An Editorial

by Scott Brown
ML&SA Executive Director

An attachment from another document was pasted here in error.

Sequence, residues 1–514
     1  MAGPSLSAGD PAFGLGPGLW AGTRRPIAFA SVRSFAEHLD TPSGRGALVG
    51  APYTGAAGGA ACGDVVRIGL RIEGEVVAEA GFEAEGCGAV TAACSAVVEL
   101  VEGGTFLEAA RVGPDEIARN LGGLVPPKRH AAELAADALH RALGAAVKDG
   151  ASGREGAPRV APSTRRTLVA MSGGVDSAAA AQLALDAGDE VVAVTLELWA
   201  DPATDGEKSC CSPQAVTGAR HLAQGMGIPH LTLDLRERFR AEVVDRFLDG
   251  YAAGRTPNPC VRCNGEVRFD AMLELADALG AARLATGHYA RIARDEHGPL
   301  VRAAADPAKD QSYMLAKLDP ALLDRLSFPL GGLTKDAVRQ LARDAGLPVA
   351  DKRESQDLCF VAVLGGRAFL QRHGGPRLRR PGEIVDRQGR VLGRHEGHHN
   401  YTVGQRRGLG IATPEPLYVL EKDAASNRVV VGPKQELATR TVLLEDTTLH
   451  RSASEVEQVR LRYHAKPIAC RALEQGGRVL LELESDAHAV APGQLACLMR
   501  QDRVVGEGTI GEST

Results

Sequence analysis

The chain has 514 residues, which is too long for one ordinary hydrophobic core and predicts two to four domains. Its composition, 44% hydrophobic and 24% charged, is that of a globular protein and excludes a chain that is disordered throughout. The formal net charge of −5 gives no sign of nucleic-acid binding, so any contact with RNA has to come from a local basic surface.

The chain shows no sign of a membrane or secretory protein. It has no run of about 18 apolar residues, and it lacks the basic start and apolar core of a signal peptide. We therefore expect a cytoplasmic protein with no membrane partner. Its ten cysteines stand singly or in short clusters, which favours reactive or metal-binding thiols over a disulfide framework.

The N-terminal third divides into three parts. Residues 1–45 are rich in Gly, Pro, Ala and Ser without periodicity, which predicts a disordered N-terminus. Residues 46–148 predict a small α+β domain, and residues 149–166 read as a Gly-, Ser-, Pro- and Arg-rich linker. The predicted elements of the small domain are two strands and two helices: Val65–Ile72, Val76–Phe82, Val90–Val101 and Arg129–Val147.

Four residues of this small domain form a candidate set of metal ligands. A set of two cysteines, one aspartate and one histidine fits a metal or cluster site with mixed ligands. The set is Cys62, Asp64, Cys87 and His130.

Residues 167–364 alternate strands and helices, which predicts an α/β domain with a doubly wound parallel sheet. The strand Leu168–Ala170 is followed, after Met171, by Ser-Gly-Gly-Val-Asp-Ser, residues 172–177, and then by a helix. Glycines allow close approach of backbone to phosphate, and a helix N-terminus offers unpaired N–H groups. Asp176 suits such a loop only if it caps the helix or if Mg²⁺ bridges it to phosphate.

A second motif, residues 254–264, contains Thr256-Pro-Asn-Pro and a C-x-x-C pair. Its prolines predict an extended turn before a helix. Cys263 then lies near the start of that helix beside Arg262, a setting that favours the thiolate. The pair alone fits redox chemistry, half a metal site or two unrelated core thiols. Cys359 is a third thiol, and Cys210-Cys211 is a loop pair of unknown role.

Earlier this summer, Governor Snyder and the Michigan state legislature came to an agreement on an initial funding package earmarked for the battle against a now decades old invasion of aquatic invasive species. Although the Governor had requested $6M for the 2014/2015 fiscal year, a more fiscally conservative legislature agreed to $5M. A significant portion of the revenue will be utilized to hire an additional sixteen full-time employees to bolster aquatic invasive species related activities at the Michigan Department of Environmental Quality and the Department of Natural Resources. The Michigan Office of the Great Lakes will also receive funding to enhance its efforts to combat the spread of aquatic invasive species within the waters of the Great Lakes. A relatively small grant program will also be created to fund aquatic invasive species remediation projects within inland lakes. While Michigan Lake and Stream Associations and the Michigan Waterfront Alliance applaud the governor and the state legislature for finally recognizing (albeit with only modest funding) the on-going ecological threat posed by aquatic invasive species to the ecological, social, cultural and economic value of our freshwater legacy, as a matter of practicality we would argue that five million dollars is a woefully inadequate sum with which to adequately address an issue which continues to escalate with each passing year. The vast number of inland water bodies within Michigan hosting one or more exotic aquatic invasive species presents an enormous natural resource management challenge. Effectively managing the ecological impacts and spread of aquatic invasive species within the waters of Michigan and the Great Lakes will require a well funded and intensely coordinated public-private collaborative effort. Until this year, state funding for aquatic invasive species management and control projects has been nearly absent. In light of the fact that Michigan’s private lakefront property owners have shouldered the twenty five million dollar per year burden for managing aquatic invasive species within inland lakes for over sixty years with no financial support from either the State of Michigan or the recreational boating community. it is time for Governor Snyder and the state legislature to recognize the seriousness of the aquatic invasive species problem within in our inland waters and respond by providing state funding levels that are adequate to realistically addressing the problem.  Michigan Lake and Stream Associations and the Michigan Waterfront Alliance will continue to address the issue of improved aquatic invasive species funding in Lansing, lakefront property owners and stakeholders of our inland waters can assist in this effort by contacting Governor Snyder and their respective state legislators and letting them know that the aquatic invasive species problem in Michigan is much more significant than is reflected in a much too modest five million dollar state funding program.      

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